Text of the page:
One attempt to overcome this problem by W. L. Gore utilized a flexible jacket that deploys the stent-graft with a ripcord that opens the jacket along the longitudinal axis of the flexible jacket, e.g., U.S. Pat. No. 6,315,792. Unfortunately, this method introduced a separate non-integrated sheath into the system into the femoral artery and further failed to provide the desired control during deployment. Other stent-graft delivery systems have also attempted to confine the proximal end of the stent-graft, but generally fail to provide adequate control in manipulating the stent-graft positioning in both the initial deployment of the stent graft and the re-deployment of the stent-graft (once the stent-graft has been partially deployed). Another problem encountered with existing systems, particularly with systems that have a distal end of a stent-graft fixed during deployment (or during the uncovering of a sheath) is the frictional forces that can cause the stent-graft to axially compress or bunch up as the sheath is retracted. This bunching increases the density of the stent-graft within the sheath and can further increase the frictional drag experienced during deployment. Thus, a need exists for a method and deployment system that enables partial deployment of a stent-graft while constraining a proximal end of the stent-graft, provides adequate control to enable re-deployment of the stent-graft in various dimensions and further reduces deployment forces during advancement of the stent-graft.
In a first aspect according to the present invention, a controlled stent-graft deployment delivery system includes a stent-graft, a retractable primary sheath containing the stent-graft in a first constrained diameter configuration, an outer tube within the retractable primary sheath and within the stent-graft, and an inner tube within the outer tube, where the inner tube and the outer tube both move axially relative to the retractable primary sheath and to each other. The system further includes a cap coupled to a distal end of the inner tube and configured to retain at least a portion of a proximal end of the stent-graft in a radially compressed configuration. A controlled relative axial movement between the outer tube and the inner tube releases the proximal end of the stent-graft from the cap and from the radially compressed configuration.
The controlled stent-graft deployment delivery system can have a cap formed from a shroud portion in a flexible tapered tip coupled at the distal end of the inner tube and further include a threaded collar coupled to the inner tube and a mating threaded shaft coupled to the outer tube that enables the relative axial movement between the inner tube and the outer tube for controlled deployment of the stent-graft. The system can further include a proximal lock attached to the outer tube, wherein the stent-graft has a zig zag shaped radially expanding proximal spring at the proximal end of the stent-graft. The apices of the spring at one end remain latched onto the proximal lock in the radially compressed configuration while the spring's end remains captured within the cap. The proximal lock can further include a plurality of ribs or splines for retaining the plurality of apices of the proximal spring of the stent-graft.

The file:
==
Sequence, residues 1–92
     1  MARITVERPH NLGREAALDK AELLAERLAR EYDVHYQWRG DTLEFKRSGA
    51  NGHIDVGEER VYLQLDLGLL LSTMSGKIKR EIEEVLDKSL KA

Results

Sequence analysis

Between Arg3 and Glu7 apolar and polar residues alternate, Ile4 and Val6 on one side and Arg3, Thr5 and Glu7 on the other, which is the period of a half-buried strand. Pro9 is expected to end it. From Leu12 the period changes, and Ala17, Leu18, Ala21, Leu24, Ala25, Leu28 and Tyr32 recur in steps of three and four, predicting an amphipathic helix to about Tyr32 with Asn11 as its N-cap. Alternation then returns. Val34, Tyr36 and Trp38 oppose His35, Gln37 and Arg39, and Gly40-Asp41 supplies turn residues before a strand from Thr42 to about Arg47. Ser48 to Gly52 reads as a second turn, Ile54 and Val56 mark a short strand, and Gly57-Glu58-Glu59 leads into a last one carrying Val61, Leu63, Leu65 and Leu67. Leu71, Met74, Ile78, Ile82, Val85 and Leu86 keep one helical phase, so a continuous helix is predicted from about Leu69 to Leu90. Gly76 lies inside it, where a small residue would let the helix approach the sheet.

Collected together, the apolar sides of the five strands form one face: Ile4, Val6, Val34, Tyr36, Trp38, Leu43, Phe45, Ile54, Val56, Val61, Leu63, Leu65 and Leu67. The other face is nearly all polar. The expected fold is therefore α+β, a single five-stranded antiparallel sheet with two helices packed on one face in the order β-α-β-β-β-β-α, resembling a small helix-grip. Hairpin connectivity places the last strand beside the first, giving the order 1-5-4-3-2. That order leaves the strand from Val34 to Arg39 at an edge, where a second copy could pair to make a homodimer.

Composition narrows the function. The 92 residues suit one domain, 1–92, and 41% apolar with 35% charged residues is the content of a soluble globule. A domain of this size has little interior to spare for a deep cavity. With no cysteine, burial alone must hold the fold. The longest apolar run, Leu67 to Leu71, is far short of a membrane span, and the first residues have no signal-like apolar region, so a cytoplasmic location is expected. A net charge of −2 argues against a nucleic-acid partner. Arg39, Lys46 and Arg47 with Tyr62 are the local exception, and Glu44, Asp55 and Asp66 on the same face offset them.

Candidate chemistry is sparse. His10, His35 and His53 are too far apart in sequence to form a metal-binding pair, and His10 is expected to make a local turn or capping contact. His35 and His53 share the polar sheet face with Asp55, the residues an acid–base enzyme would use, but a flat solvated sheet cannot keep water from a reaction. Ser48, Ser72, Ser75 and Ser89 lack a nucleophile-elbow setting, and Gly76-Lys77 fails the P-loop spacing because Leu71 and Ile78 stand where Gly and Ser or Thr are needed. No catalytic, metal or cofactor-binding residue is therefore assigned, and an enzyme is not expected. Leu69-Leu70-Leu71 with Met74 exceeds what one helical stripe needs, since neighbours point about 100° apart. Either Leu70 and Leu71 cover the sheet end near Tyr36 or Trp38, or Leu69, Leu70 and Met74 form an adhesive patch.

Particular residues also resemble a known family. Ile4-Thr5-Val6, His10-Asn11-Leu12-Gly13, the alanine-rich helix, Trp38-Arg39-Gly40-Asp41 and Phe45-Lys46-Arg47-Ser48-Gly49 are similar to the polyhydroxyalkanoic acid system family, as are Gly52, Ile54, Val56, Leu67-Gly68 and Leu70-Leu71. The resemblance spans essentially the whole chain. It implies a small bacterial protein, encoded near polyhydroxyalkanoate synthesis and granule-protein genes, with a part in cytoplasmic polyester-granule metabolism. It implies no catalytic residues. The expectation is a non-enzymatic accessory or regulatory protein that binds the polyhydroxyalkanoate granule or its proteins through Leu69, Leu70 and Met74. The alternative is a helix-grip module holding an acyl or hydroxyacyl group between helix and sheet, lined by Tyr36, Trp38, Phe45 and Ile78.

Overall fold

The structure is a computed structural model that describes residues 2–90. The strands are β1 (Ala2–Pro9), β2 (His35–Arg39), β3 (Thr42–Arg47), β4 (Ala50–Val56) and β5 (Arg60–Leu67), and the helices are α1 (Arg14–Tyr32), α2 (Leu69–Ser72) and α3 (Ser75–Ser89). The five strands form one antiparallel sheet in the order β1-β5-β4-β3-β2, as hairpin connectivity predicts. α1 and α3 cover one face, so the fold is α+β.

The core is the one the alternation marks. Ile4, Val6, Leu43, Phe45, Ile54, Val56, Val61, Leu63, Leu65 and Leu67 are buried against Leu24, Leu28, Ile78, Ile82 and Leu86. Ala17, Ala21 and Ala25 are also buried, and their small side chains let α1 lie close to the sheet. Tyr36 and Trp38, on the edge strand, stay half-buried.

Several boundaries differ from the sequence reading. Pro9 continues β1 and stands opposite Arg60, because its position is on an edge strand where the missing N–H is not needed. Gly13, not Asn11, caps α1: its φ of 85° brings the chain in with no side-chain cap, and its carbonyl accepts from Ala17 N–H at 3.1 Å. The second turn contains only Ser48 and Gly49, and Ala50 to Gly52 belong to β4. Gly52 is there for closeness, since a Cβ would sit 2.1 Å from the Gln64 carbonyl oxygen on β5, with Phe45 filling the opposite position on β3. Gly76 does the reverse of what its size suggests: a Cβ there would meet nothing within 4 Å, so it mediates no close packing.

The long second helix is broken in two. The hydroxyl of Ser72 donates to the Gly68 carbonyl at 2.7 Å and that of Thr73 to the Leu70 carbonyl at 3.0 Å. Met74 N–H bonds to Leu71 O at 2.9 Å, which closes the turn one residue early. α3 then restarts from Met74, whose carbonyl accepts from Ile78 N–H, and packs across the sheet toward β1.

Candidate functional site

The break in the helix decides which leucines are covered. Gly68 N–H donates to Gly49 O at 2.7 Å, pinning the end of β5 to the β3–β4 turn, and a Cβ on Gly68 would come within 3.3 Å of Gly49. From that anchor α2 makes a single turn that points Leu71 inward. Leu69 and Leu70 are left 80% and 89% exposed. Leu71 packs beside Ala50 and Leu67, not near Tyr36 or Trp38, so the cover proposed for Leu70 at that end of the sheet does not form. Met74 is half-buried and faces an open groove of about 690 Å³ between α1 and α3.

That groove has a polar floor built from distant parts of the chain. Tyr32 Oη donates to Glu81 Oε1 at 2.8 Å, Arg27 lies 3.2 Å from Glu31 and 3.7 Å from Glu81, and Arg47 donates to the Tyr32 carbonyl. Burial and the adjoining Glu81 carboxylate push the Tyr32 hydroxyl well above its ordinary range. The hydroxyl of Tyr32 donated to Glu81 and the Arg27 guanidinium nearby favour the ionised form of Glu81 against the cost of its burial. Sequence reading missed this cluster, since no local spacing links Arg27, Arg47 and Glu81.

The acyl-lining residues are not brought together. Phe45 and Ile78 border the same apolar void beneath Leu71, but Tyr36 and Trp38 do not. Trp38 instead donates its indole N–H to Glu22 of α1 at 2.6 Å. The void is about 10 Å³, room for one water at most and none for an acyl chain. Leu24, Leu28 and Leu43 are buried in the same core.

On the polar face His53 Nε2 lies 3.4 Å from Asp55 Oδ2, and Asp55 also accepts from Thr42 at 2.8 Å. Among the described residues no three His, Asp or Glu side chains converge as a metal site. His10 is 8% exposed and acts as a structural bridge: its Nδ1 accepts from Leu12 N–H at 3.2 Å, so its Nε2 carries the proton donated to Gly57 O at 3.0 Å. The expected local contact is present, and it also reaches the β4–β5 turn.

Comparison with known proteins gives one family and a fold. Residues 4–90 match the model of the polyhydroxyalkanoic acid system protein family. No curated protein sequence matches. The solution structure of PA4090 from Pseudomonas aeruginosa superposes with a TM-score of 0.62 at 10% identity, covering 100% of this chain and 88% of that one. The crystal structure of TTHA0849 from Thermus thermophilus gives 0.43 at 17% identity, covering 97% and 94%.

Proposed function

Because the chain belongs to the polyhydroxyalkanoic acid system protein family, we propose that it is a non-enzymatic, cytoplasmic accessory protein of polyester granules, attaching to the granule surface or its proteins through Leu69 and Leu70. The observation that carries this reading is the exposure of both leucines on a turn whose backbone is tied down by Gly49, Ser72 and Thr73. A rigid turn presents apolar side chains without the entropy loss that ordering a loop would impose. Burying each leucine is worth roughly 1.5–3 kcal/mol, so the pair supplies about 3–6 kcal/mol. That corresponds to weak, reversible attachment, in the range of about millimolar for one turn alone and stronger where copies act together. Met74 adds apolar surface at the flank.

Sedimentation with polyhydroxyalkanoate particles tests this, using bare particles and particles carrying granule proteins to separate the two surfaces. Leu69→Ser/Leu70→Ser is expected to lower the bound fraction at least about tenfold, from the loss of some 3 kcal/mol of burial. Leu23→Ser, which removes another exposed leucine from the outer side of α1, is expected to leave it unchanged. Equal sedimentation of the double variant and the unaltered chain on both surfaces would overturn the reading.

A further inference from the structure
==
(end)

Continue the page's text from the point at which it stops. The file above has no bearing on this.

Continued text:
In a second aspect according to the present invention, a controlled stent-graft deployment delivery system includes a retractable primary sheath, an outer tube within the retractable primary sheath, an inner tube within the outer tube that can move axially relative to the outer tube, and a cap coupled to a distal end of the inner tube. The system can further include a retention mechanism attached to the outer tube for retaining a proximal end of a stent-graft in a constrained diameter configuration while remaining within the cap while still enabling axial and radial movement of the stent-graft.
In a third aspect according to the present invention, a method for controlled deployment of a stent-graft includes the steps of constraining a proximal end of a stent-graft radially under a cap while partially deploying a remaining portion of the stent-graft, evaluating and adjusting as necessary at least one of the axial and radial positions of the stent-graft after the partial deployment of the remaining portion, and releasing the proximal area of the stent-graft by minimal controlled coaxial movement between the cap and a tube retaining the stent-graft within the cap.